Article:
1. A witness who was in the bar at the time of the holdup, when asked if anyone Resembled either of the robbers, answered in the affirmative and pointed to the defendant. Thereupon, the prosecutor secured the consent of the court to have the record reflect that the witness on the stand Identified the defendant. Defendant asserts that as a matter of law there was no identification by any witness of sufficient certainty to permit the court to submit the issue to the jury. The court in his charge advised the jury that no eyewitness was able to make a positive identification. While we agree that it was not entirely accurate to characterize the resemblance as an identification, no exception was taken at the time, and the court fully covered the matter in his instructions in the manner indicated. In any case, it is not necessary as a matter of law that identification be positive and certain, and where, as here, there was ample circumstantial evidence to connect defendant with the crime, we cannot say the verdict must fall for want of adequate identification. 2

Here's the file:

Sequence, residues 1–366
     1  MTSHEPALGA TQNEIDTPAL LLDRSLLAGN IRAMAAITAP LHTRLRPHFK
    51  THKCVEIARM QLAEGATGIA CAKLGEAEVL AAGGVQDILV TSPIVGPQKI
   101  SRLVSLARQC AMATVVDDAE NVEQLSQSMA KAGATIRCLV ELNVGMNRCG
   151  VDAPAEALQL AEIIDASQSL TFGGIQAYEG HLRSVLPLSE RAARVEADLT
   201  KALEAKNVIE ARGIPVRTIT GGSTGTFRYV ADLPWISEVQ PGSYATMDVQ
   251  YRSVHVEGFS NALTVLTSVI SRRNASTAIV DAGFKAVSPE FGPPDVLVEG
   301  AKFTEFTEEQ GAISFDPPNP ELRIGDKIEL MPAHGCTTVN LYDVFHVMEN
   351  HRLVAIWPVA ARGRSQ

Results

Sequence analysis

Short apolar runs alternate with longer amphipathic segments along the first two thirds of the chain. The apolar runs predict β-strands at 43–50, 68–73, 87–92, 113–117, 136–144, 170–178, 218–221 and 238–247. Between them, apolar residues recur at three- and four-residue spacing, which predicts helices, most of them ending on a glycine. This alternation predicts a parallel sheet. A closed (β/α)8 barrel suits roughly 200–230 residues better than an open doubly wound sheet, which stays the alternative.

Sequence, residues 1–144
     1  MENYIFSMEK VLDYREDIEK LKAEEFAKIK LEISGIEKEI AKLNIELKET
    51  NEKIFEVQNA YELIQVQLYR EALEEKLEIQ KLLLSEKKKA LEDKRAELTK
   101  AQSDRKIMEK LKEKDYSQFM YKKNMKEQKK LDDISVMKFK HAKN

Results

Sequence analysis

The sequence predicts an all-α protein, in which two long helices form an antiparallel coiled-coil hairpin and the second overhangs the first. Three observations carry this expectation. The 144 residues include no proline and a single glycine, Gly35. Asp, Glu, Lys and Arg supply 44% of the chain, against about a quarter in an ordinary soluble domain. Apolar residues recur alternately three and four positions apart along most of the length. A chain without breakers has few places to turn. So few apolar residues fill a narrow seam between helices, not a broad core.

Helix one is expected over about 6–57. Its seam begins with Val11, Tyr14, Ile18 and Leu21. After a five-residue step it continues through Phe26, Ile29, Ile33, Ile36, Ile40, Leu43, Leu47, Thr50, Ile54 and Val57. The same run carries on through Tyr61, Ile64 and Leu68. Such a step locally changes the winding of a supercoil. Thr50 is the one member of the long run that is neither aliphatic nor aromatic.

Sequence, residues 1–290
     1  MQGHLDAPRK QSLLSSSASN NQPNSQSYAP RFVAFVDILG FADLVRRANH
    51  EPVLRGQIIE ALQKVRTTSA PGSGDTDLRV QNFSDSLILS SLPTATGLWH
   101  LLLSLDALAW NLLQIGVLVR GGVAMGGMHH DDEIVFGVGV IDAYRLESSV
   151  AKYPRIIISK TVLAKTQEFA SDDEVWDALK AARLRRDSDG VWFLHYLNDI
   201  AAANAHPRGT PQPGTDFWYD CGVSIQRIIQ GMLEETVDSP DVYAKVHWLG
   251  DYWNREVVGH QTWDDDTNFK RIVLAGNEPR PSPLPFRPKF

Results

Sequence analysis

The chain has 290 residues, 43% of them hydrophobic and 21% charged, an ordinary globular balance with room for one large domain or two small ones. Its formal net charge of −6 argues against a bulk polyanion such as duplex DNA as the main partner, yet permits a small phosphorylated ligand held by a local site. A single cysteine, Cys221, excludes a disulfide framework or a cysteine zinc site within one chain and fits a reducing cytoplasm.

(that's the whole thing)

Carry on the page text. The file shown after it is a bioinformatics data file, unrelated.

2. Defendant earnestly contends that in the absence of positive identification the circumstantial evidence does not justify a conviction. Without attempting to recite all of the evidence implicating defendant, we find the record is sufficient to sustain the verdict. An eyewitness reported defendant's license number to the police shortly after noon; the defendant was apprehended within half an hour and was found to have $243 in small bills on his person, the source of which he apparently did not explain until after the trial when at the presentence examination he said he received it from an insurance settlement; a cap, jacket, pants, and sunglasses found in the basement of defendant's home were identified by witnesses as resembling those worn by one of the robbers; defendant's alibi that he was in Hudson, Wisconsin, playing pool was substantially impeached by employees of the poolhall, one of them a North Hudson policeman who testified he habitually kept track of out-of-state licenses; and defendant's claim that he left his car in front of his home on the morning of April 11 and found it there when he returned was discredited by the testimony of a neighbor who stated that the car was gone as early as 9:30 a.m. that day. Notwithstanding the failure of any witness to identify the defendant positively as one of those taking part in the robbery, we hold there was adequate incriminating evidence to permit a finding of guilt beyond a reasonable doubt.